This page in other versions: 9.0 / 9.1 / 9.2 / 9.3  |  Development versions: devel / 9.4  |  Unsupported versions: 7.1 / 7.2 / 7.3 / 7.4 / 8.0 / 8.1 / 8.2 / 8.3 / 8.4

REVOKE

Name

REVOKE -- remove access privileges

Synopsis

REVOKE [ GRANT OPTION FOR ]
    { { SELECT | INSERT | UPDATE | DELETE | RULE | REFERENCES | TRIGGER }
    [,...] | ALL [ PRIVILEGES ] }
    ON [ TABLE ] tablename [, ...]
    FROM { username | GROUP groupname | PUBLIC } [, ...]
    [ CASCADE | RESTRICT ]

REVOKE [ GRANT OPTION FOR ]
    { { CREATE | TEMPORARY | TEMP } [,...] | ALL [ PRIVILEGES ] }
    ON DATABASE dbname [, ...]
    FROM { username | GROUP groupname | PUBLIC } [, ...]
    [ CASCADE | RESTRICT ]

REVOKE [ GRANT OPTION FOR ]
    { EXECUTE | ALL [ PRIVILEGES ] }
    ON FUNCTION funcname ([type, ...]) [, ...]
    FROM { username | GROUP groupname | PUBLIC } [, ...]
    [ CASCADE | RESTRICT ]

REVOKE [ GRANT OPTION FOR ]
    { USAGE | ALL [ PRIVILEGES ] }
    ON LANGUAGE langname [, ...]
    FROM { username | GROUP groupname | PUBLIC } [, ...]
    [ CASCADE | RESTRICT ]

REVOKE [ GRANT OPTION FOR ]
    { { CREATE | USAGE } [,...] | ALL [ PRIVILEGES ] }
    ON SCHEMA schemaname [, ...]
    FROM { username | GROUP groupname | PUBLIC } [, ...]
    [ CASCADE | RESTRICT ]

Description

The REVOKE command revokes previously granted privileges from one or more users or groups of users. The key word PUBLIC refers to the implicitly defined group of all users.

See the description of the GRANT command for the meaning of the privilege types.

Note that any particular user will have the sum of privileges granted directly to him, privileges granted to any group he is presently a member of, and privileges granted to PUBLIC. Thus, for example, revoking SELECT privilege from PUBLIC does not necessarily mean that all users have lost SELECT privilege on the object: those who have it granted directly or via a group will still have it.

If GRANT OPTION FOR is specified, only the grant option for the privilege is revoked, not the privilege itself.

If a user holds a privilege with grant option and has granted it to other users then the privileges held by those other users are called dependent privileges. If the privilege or the grant option held by the first user is being revoked and dependent privileges exist, those dependent privileges are also revoked if CASCADE is specified, else the revoke action will fail. This recursive revocation only affects privileges that were granted through a chain of users that is traceable to the user that is the subject of this REVOKE command. Thus, the affected users may effectively keep the privilege if it was also granted through other users.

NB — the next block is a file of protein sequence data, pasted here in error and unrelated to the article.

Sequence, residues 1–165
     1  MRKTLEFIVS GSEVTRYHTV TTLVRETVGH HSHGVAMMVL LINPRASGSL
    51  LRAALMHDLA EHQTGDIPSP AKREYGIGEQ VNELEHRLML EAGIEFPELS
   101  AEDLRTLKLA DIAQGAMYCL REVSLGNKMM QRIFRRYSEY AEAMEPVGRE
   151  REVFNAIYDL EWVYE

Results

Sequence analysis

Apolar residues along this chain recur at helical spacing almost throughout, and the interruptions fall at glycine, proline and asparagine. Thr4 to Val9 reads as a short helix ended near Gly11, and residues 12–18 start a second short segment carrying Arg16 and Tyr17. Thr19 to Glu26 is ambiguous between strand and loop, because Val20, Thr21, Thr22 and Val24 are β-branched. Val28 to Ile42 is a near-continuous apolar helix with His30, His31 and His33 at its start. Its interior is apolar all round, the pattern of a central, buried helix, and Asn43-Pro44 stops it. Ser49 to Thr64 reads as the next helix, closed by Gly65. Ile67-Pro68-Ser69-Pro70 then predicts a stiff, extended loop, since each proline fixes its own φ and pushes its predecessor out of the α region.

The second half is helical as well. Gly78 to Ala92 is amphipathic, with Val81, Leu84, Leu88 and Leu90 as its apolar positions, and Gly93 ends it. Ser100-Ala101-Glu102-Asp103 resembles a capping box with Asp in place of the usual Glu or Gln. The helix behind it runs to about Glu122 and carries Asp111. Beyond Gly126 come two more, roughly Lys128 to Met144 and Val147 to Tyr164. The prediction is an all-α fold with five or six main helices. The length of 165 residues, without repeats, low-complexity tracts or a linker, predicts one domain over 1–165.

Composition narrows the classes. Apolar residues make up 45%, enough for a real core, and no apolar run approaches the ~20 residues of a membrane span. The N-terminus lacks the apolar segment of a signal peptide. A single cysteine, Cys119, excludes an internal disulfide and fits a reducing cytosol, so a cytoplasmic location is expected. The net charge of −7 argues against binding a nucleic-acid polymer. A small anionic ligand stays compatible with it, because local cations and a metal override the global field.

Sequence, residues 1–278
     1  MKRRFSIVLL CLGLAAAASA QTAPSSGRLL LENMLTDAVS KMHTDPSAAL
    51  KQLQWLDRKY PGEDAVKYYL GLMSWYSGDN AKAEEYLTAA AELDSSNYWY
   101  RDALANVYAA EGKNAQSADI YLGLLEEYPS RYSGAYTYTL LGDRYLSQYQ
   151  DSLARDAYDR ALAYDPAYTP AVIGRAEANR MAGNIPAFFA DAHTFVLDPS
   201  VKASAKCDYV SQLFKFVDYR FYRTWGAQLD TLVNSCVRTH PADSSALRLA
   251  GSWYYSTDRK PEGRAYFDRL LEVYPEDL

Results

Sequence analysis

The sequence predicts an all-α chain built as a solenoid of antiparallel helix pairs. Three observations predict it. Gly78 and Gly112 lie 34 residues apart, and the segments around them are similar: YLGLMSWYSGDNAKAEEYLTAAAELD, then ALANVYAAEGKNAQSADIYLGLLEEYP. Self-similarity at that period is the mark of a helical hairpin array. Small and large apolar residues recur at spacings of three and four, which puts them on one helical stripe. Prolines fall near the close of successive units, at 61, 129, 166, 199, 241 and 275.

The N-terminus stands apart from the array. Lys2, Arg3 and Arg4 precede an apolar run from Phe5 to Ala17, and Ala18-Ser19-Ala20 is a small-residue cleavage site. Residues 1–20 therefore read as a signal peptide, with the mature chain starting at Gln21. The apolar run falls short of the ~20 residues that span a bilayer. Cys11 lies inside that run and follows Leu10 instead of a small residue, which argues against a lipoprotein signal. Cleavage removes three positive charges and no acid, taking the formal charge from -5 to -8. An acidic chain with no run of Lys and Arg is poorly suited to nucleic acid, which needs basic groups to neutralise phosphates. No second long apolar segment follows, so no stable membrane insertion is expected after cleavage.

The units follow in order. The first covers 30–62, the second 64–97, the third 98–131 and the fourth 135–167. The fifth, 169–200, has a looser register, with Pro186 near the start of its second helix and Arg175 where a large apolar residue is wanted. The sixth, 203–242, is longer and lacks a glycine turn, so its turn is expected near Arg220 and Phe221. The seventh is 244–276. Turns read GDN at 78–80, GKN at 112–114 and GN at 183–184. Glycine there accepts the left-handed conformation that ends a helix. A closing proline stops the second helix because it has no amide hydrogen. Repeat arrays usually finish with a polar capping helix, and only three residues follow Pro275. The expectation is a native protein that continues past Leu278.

Notes

Use psql's \z command to display the privileges granted on existing objects. See also GRANT for information about the format.

A user can only revoke privileges that were granted directly by that user. If, for example, user A has granted a privilege with grant option to user B, and user B has in turned granted it to user C, then user A cannot revoke the privilege directly from C. Instead, user A could revoke the grant option from user B and use the CASCADE option so that the privilege is automatically revoked from user C.

If a superuser chooses to issue a GRANT or REVOKE command, the command is performed as though it were issued by the owner of the affected object. Since all privileges ultimately come from the object owner (possibly indirectly via chains of grant options), it is possible for a superuser to revoke all privileges, but this may require use of CASCADE as stated above.

Examples

Revoke insert privilege for the public on table films:

REVOKE INSERT ON films FROM PUBLIC;

Revoke all privileges from user manuel on view kinds:

  
REVOKE ALL PRIVILEGES ON kinds FROM manuel;

Compatibility

The compatibility notes of the GRANT command apply analogously to REVOKE. The syntax summary is:

REVOKE [ GRANT OPTION FOR ] privileges
    ON object [ ( column [, ...] ) ]
    FROM { PUBLIC | username [, ...] }
    { RESTRICT | CASCADE }

One of RESTRICT or CASCADE is required according to the standard, but PostgreSQL assumes RESTRICT by default.

See Also

GRANT

Privacy Policy | About PostgreSQL
Copyright © 1996-2014 The PostgreSQL Global Development Group